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Study: Limiting soda size causes people to buy more
Question of the Day
A recent study by a group of researchers at the University of California at San Diego may blow a hole right through New York Mayor Michael R. Bloomberg’s theory on soda contributing to obesity.
The team found that consumers tend to buy more soda when it’s sold in single servings than when it’s in one large container.
“In a behavioral simulation, participants were offered varying food and drink menus,” the study’s abstract reads. “One menu offered 16 oz, 24 oz, or 32 oz drinks for sale. A second menu offered 16 oz drinks, a bundle of two 12 oz drinks, or a bundle of two 16 oz drinks. A third menu offered only 16 oz drinks for sale.”
The psychologists found that participants bought significantly more soda with bundles than with varying-sized drinks. Total business revenue was also higher when bundles rather than only small-sized drinks were sold.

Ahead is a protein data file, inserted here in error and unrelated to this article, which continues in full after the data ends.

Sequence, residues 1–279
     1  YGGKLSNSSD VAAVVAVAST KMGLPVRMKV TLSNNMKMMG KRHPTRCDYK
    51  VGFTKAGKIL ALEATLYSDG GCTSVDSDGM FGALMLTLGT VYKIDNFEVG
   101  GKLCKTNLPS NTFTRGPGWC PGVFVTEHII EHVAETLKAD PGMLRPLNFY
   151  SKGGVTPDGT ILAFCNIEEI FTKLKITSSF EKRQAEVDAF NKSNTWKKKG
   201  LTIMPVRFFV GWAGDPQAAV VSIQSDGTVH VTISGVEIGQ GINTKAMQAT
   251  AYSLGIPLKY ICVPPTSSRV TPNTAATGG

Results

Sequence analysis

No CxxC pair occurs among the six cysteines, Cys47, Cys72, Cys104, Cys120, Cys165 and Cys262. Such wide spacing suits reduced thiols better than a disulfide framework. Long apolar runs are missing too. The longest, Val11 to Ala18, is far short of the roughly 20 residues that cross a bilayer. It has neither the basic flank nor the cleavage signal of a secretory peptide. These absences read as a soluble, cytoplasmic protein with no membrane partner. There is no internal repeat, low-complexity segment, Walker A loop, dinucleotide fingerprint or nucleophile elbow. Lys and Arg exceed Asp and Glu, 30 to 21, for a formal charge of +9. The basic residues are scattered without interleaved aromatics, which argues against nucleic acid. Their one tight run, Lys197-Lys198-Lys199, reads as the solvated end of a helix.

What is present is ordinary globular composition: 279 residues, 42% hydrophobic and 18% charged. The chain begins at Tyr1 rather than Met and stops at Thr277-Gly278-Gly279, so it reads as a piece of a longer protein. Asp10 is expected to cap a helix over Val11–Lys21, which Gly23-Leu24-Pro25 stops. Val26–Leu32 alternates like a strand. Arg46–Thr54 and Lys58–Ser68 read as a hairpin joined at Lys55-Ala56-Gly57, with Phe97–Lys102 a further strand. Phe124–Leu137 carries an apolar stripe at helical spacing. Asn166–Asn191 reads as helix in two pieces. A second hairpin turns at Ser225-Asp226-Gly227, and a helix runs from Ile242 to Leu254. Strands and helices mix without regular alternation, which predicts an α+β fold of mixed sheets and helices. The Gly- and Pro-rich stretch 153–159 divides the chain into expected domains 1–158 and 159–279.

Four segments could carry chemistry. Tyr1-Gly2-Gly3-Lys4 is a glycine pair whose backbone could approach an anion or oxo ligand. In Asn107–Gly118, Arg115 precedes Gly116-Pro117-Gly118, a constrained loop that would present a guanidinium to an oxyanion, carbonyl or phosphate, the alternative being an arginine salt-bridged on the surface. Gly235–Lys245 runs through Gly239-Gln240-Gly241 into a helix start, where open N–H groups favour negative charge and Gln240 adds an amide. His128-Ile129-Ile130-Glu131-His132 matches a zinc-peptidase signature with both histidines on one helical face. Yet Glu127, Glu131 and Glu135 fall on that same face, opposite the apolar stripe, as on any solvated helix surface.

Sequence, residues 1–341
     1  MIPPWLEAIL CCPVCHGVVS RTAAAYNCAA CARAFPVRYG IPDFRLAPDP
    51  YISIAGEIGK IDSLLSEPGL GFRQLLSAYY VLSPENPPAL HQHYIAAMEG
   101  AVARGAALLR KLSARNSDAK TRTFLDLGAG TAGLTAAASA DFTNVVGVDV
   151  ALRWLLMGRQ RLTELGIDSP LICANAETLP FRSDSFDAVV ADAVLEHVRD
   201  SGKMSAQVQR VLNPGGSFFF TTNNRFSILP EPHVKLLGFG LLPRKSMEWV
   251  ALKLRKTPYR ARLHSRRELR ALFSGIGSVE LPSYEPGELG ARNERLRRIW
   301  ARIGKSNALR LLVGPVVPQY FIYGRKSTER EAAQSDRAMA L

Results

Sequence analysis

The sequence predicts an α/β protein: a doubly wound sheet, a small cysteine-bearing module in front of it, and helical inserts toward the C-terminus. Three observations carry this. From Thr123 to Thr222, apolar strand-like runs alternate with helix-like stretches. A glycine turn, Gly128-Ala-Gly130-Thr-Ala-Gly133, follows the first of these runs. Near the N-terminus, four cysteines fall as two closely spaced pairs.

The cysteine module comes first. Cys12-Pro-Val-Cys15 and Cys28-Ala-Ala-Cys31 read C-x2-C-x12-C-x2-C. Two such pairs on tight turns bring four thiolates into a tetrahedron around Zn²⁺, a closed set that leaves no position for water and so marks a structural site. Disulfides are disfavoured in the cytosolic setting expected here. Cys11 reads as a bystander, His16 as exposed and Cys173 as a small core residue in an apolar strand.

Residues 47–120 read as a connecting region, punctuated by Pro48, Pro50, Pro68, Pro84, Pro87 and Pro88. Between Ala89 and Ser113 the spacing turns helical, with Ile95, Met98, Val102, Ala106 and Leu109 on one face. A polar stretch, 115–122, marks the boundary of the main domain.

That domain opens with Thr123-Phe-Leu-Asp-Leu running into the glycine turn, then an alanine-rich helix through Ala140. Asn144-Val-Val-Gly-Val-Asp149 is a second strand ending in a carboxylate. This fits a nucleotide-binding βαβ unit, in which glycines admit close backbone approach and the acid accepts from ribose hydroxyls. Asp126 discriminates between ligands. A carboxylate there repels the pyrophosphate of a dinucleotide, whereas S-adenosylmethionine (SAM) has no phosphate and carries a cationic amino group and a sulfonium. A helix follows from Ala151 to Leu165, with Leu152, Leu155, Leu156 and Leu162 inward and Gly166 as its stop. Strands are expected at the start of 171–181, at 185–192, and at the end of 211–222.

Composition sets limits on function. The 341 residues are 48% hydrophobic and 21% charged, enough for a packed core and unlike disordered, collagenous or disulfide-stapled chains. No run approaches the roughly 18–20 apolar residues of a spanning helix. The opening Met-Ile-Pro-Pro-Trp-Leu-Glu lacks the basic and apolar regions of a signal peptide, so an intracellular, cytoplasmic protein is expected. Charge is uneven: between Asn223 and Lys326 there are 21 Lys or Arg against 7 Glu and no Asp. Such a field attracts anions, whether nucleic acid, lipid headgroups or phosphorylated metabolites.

“Our research suggests that businesses have a strong incentive to offer bundles of soda when drink size is limited,” the study concludes. “Restricting larger-sized drinks may have the unintended consequence of increasing soda consumption rather than decreasing it.”
Mr. Bloomberg proposed a ban on the sale of sugary sodas of more than 16 ounces in order to help the city combat obesity. A judge struck down the measure in March, calling it “arbitrary and capricious.” The mayor’s administration plans to appeal the decision.
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About the Author
Jessica Chasmar is a continuous news writer for The Washington Times. Previously, she was part of the start-up team for The Washington Times’ digital aggregation product, Times247. She can be reached at email@example.com.
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